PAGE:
Can we force employees to get a flu shot?
Specifically, the lawsuit alleges that the employer’s conduct violates Title VII of the Civil Rights Act of 1964, which protects employees against discrimination based on religion, and requires employers to provide employees with reasonable accommodations to allow them to practice their sincerely held religious beliefs. The EEOC filed suit in U.S. District Court for the Eastern District of Michigan (Case No. 2:18-cv-10523). The EEOC is seeking an injunction to prohibit the company from engaging in this type of discrimination in the future, as well as monetary relief on the behalf of the victim.
The EEOC lawsuit did not identify the applicant’s religion, but says she “has a sincerely-held religious belief that, as a follower of Jesus Christ, she cannot inject or ingest foreign substances in her body and must rely on natural methods for health.”
This aggressive position by the EEOC reminds employers that company-mandated flu shots and other vaccines may violate some religious beliefs.
Even more recently an employer was sued by the Justice Department for a similar incident. There, the government alleged in the lawsuit that the employer discriminated against the employee by failing to accommodate her religious beliefs when she sought an exemption to the employer's requirement of a flu vaccine. The lawsuit alleges that the company policy at the time required a flu vaccine but provided a religious exemption for employees who could produce a written statement from their clergy leader supporting the request. This employee requested a religious exemption from the flu shot requirement because of her sincerely held religious belief that Bible-based scriptures prohibited flu shots. However, this employee could not provide the requested clergy letter, because she did not belong to a church or an organized religion. When the business denied the employee's request for a religious exemption, she submitted to the flu shot, despite her religious objections, because she was told that her refusal would result in her termination.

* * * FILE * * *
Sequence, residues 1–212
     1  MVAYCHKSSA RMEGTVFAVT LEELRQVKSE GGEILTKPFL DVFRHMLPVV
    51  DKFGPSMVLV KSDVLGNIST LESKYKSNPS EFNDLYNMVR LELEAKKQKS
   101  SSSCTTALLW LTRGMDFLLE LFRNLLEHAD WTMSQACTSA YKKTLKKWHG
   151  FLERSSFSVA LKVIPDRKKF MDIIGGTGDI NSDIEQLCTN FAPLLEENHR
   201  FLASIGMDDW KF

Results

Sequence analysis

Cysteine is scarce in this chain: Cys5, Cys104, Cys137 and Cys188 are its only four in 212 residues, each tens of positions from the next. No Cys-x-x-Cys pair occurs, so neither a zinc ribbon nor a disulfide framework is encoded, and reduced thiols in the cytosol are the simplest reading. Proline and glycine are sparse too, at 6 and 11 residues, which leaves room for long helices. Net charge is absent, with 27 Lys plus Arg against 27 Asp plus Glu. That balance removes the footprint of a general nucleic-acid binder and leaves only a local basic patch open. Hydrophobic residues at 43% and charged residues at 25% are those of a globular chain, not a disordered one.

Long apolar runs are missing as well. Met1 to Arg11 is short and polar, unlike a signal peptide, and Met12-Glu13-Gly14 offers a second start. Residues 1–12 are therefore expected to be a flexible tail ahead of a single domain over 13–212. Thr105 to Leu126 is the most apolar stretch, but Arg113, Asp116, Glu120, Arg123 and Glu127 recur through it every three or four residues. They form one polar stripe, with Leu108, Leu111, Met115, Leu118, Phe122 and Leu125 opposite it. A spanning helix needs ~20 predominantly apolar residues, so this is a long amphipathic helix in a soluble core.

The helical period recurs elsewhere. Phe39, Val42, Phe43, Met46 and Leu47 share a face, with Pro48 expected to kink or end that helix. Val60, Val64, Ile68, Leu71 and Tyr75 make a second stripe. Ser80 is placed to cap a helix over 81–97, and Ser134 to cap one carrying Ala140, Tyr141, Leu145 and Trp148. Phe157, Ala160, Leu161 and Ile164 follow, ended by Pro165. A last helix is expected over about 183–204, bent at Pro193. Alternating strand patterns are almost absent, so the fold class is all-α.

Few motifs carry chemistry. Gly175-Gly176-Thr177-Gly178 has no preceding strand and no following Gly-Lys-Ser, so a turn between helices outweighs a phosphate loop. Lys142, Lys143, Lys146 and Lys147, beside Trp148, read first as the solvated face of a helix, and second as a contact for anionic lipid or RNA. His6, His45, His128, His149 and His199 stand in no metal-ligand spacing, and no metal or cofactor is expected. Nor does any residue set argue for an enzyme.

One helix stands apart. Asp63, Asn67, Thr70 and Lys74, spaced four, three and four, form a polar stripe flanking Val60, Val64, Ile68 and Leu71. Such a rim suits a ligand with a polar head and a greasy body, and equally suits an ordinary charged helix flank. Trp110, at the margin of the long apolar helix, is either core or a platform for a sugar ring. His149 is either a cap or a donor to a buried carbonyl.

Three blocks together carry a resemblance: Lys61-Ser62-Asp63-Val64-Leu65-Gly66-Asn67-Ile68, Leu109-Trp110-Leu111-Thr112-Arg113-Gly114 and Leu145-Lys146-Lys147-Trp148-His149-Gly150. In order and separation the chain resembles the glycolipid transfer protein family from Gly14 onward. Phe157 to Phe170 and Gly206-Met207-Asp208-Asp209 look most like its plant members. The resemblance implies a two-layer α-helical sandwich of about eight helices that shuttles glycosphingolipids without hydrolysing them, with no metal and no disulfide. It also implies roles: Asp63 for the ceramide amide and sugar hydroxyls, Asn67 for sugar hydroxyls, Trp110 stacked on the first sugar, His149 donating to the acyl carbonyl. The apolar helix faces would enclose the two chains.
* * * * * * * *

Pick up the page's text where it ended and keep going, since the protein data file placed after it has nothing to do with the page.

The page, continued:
The lawsuit alleges that the business's policy permitting only employees who could obtain a letter from a clergy member to receive a religious accommodation violated Title VII. The policy on its face denied religious accommodations to employees, like this one, who do not belong to churches with clergy leaders. The lawsuit also alleges that the employer unlawfully denied the employee a reasonable accommodation of her religious objection to the flu shot by denying her a request for an exemption without the requisite showing that doing so would cause an undue hardship. Through this lawsuit, the federal government is seeking compensatory damages for the employee, in addition to injunctive and other relief.
In January 2018 another employer paid $89,000 to settle a religious discrimination lawsuit after firing three workers who requested religious exemptions to flu shots.
As a reminder, a business is covered by Title VII’s prohibition against religious discrimination if the business has 15 or more employees who worked for the employer for at least twenty calendar weeks (in this year or last).
If you need any assistance in relation to analyzing handling such accommodation requests, please email the Law Office of David Miklas, P.A. or call us at 1-772-465-5111 before you take that action to make sure that it is legal.
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Many Florida employers are concerned about their employees spreading the flu. Can they mandate all employees get the flu vaccine?
Most of us in Florida are aware that this has been a severe flu season, with many people being hospitalized during this year's flu season.
Does it make business sense to require Florida employees get the flu shot?
Although health officials may be urging Floridians to get vaccinated, the U.S. Equal Employment Opportunity Commission (EEOC) has been taking an aggressive stance on this issue. Recently the EEOC filed a lawsuit against an employer after it rescinded a job offer after the job applicant refused to get a flu shot because it was against her religion.
The applicant applied for (and received an employment offer for) a position as a medical transcriptionist. The employer required all employees have the influenza shot or spray. The applicant said that getting a flu shot was against her religion, and she offered to wear a mask, which was allowed as an alternative under company policy.
The company only allowed the mask as an alternative for medical reasons, not religious reasons. The applicant filed a charge of discriminations, claiming religious discrimination, and the EEOC found that the employer violated the law. When the EEOC was unable to have the employer settle the matter in such a way agreeable to the EEOC, this federal agency sued the employer for religious discrimination.